Sobering news: Happy hour bill fizzes out

It looks as though bar patrons will still need the secret password to find out about happy hours at their favorite watering holes across town.

A bill introduced this year to the Virginia Assembly to allow bars to advertise their happy hour specials online was scrapped late last month.

Republican Del. David Albo, who introduced the measure, decided to put the cork back in the bill after feeling some pressure, according to a story in the Virginia Gazette.

“A bunch of people who are against underage drinking were concerned about the bill,” Albo told the publication. “I did not really understand their opposition, because even if an underage person saw the website, they still could not go to the restaurant and purchase alcohol.”

BizSense first reported in February that Democratic Del. David Englin, who represents the Alexandria and Arlington district, introduced a similar bill into the assembly. Englin’s was combined with Albo’s on Feb. 7.

The bill was presented Jan. 10 and passed through the House a month later.

A week later, Albo withdrew the bill at the request of the Senate Rehabilitation and Social Services Committee.

 

It looks as though bar patrons will still need the secret password to find out about happy hours at their favorite watering holes across town.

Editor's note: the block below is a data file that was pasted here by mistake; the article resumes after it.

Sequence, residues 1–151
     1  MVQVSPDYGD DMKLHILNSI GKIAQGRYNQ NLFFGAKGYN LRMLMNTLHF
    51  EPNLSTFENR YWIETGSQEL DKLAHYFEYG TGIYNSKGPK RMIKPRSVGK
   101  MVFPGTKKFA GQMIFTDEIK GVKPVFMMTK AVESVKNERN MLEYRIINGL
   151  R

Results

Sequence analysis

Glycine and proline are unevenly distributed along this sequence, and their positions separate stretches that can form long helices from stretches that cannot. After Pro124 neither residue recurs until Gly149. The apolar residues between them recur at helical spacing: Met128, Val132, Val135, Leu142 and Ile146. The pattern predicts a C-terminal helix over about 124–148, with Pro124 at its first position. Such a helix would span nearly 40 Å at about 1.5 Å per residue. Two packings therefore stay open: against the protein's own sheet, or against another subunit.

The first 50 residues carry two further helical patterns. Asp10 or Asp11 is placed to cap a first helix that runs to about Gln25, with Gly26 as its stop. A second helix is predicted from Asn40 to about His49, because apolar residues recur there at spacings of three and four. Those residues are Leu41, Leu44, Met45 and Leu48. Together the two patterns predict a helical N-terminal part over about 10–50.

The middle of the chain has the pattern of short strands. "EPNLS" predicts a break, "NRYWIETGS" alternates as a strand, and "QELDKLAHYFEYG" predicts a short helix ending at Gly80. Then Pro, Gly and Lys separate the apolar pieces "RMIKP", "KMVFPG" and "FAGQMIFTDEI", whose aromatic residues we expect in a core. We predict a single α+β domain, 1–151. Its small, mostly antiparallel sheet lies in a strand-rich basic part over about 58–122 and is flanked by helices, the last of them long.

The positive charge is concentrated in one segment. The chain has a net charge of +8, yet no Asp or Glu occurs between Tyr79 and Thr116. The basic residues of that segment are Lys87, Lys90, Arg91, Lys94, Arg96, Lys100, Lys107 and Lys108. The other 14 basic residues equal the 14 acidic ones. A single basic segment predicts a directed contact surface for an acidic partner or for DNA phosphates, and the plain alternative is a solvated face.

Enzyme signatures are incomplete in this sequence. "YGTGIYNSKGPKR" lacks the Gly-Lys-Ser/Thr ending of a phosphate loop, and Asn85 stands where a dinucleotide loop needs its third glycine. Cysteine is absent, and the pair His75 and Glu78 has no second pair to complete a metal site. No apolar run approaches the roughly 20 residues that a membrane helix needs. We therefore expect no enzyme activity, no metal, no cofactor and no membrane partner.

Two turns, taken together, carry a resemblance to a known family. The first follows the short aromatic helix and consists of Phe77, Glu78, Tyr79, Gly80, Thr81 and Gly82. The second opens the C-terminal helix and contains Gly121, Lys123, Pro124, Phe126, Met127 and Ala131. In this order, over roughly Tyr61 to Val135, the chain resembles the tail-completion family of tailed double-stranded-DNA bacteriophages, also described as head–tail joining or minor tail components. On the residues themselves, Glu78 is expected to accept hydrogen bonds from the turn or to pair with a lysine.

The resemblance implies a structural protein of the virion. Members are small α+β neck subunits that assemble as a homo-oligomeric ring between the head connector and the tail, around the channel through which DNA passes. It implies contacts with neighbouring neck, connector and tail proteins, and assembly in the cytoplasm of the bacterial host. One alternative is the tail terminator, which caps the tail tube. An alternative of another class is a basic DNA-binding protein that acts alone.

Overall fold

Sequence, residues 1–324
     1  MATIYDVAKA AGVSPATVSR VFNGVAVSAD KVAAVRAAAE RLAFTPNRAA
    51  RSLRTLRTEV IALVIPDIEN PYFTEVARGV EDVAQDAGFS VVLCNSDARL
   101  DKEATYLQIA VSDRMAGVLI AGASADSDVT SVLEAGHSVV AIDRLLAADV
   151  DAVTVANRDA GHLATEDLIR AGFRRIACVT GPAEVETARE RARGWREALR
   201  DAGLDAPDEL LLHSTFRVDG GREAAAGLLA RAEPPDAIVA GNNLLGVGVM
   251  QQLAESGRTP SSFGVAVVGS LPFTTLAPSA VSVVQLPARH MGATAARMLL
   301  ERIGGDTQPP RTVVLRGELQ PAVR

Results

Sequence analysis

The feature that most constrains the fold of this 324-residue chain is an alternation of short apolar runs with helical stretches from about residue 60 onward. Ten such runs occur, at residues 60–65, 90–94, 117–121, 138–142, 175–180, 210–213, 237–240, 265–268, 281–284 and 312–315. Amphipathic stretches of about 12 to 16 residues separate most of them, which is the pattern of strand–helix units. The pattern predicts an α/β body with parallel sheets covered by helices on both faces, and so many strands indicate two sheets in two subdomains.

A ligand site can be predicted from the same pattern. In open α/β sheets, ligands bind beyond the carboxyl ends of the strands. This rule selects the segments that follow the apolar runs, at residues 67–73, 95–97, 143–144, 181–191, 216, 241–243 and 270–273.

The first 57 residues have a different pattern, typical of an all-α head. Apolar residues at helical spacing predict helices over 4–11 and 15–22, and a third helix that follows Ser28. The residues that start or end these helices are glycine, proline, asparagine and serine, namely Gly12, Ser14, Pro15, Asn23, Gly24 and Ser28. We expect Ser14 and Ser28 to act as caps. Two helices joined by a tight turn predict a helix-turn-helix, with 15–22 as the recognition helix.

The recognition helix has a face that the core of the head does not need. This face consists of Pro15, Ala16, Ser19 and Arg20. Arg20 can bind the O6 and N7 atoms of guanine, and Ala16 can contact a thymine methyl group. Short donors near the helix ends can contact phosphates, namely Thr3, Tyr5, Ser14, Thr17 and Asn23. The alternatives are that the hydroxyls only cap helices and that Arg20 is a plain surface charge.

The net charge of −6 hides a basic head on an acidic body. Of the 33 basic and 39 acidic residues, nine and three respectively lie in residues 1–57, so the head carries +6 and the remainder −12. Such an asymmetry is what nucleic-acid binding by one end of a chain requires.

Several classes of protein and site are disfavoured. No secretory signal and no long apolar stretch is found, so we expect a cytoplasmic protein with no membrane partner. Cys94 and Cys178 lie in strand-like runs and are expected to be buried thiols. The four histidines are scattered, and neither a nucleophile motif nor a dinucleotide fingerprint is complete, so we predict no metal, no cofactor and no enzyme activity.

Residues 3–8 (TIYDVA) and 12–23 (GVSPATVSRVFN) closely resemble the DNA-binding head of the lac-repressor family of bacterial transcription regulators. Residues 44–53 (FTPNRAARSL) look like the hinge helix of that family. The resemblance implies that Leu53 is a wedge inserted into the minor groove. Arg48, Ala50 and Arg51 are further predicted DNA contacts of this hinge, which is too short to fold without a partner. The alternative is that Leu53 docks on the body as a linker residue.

A bill introduced this year to the Virginia Assembly to allow bars to advertise their happy hour specials online was scrapped late last month.

Republican Del. David Albo, who introduced the measure, decided to put the cork back in the bill after feeling some pressure, according to a story in the Virginia Gazette.

“A bunch of people who are against underage drinking were concerned about the bill,” Albo told the publication. “I did not really understand their opposition, because even if an underage person saw the website, they still could not go to the restaurant and purchase alcohol.”

BizSense first reported in February that Democratic Del. David Englin, who represents the Alexandria and Arlington district, introduced a similar bill into the assembly. Englin’s was combined with Albo’s on Feb. 7.

The bill was presented Jan. 10 and passed through the House a month later.

A week later, Albo withdrew the bill at the request of the Senate Rehabilitation and Social Services Committee.

 

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Brian Keller
Brian Keller
10 years ago

And he folded anyway, even though he didn’t understand that their complaint had nothing to do with the bill? So restaurant owners can’t drive their business because a legislator has no backbone! Bozo.

Green
Green
10 years ago

Agreed — what a weak move to withdraw a bill even though you clearly aren’t swayed by opponents’ arguments. It’s too bad. Removal of senseless and ineffective regulation is always a good thing.

Funny how conservatives are against big government, except when it comes to social issues….

Tom Dorsey
Tom Dorsey
10 years ago

Great example of politicians who are totally tuned out to the needs of the business community. The good news is Americans who run businesses always find a way to succeed in spite of politicians who only live for votes.